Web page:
• The project sponsor (this is the project initiator, who typically also funds the project)
  • The reason for undertaking the project (as it aligns to the business’s needs)
  • The top-level requirements to achieve the objective
  • The due date
  • Constraints
  • Risks
  • Approximate budget
  • The return on investment

The project charter should also identify the key stakeholders, their overall responsibilities, and establish the authority of the project manager. This is important because the people working on the project may come from different departments (or even different companies) and, as such, have different reporting lines. Establishing the project manager’s authority also allows the project manager to assign or officially request necessary resources.

A project charter, once signed by the key stakeholders, is the green light to go ahead with the project.

What Is the Main Purpose of a Project Management Plan?

The purpose of a project management plan is to break the project down in detail so that anyone reading it can understand:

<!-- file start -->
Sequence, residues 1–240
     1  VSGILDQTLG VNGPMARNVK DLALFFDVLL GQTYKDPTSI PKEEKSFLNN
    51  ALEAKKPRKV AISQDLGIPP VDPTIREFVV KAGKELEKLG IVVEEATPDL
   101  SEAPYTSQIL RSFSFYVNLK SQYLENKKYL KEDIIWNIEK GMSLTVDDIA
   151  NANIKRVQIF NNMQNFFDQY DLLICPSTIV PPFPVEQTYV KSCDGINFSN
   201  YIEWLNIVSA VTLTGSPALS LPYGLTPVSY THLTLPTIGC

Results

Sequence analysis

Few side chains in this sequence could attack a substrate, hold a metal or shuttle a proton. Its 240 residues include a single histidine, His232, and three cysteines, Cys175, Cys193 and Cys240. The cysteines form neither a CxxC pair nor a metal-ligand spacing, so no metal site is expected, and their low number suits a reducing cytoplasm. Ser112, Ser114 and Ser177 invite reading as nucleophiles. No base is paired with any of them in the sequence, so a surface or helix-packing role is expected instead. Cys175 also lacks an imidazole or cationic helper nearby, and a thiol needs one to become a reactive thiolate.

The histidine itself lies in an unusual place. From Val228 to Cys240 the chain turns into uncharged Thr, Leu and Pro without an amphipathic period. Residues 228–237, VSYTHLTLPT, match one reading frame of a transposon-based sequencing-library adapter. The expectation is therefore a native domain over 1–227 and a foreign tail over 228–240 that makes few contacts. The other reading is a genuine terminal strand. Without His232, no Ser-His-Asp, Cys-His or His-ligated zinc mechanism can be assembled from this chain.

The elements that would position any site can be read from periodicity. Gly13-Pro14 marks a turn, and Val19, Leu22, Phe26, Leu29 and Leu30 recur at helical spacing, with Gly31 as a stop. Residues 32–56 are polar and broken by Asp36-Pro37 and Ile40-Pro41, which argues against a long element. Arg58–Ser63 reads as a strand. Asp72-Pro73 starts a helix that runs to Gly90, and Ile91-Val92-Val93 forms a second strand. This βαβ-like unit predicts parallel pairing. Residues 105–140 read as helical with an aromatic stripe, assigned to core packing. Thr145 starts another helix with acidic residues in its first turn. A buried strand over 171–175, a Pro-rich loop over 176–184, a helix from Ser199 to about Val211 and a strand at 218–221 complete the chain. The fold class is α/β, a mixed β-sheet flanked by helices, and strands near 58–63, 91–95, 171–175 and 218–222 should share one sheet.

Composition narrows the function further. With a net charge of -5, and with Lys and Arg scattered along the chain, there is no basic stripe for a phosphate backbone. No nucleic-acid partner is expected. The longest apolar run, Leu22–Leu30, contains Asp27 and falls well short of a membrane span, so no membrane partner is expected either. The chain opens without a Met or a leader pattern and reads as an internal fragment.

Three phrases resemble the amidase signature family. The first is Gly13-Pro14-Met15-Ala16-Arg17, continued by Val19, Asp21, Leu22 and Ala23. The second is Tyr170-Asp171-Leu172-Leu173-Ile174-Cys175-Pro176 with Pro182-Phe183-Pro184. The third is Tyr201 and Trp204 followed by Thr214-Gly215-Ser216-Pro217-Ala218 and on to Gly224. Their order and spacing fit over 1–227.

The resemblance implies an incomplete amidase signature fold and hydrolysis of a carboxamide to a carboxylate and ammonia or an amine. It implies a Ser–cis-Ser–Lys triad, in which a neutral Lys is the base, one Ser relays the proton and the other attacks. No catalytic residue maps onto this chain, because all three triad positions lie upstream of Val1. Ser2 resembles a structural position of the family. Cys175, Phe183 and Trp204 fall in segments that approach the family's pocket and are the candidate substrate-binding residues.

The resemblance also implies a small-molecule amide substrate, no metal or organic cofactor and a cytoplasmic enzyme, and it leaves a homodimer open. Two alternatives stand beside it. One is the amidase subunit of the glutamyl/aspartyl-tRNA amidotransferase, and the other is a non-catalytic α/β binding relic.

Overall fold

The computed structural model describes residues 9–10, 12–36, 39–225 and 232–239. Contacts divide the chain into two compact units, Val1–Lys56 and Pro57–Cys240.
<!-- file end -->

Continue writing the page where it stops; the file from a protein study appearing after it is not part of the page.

• What the objective is
  • The production schedule, including project milestones (key dates where something needs to be done, or delivered)
  • Resources and processes required
  • Who the stakeholders are, and their roles
  • How information will be communicated, by whom, and when (this is referred to as the “Communication Plan”).
  • Project deliverables (and their criteria for acceptance)
  • How the project will be monitored
  • Risks
  • Budget breakdown
  • How success will be measured

The plan will also break down all the tasks that need to be accomplished in order to complete the project.

The project management plan is a formal, approved document. It requires sign off by all stakeholders. It is developed by a project manager in the planning phase, but referred to throughout the life of the project.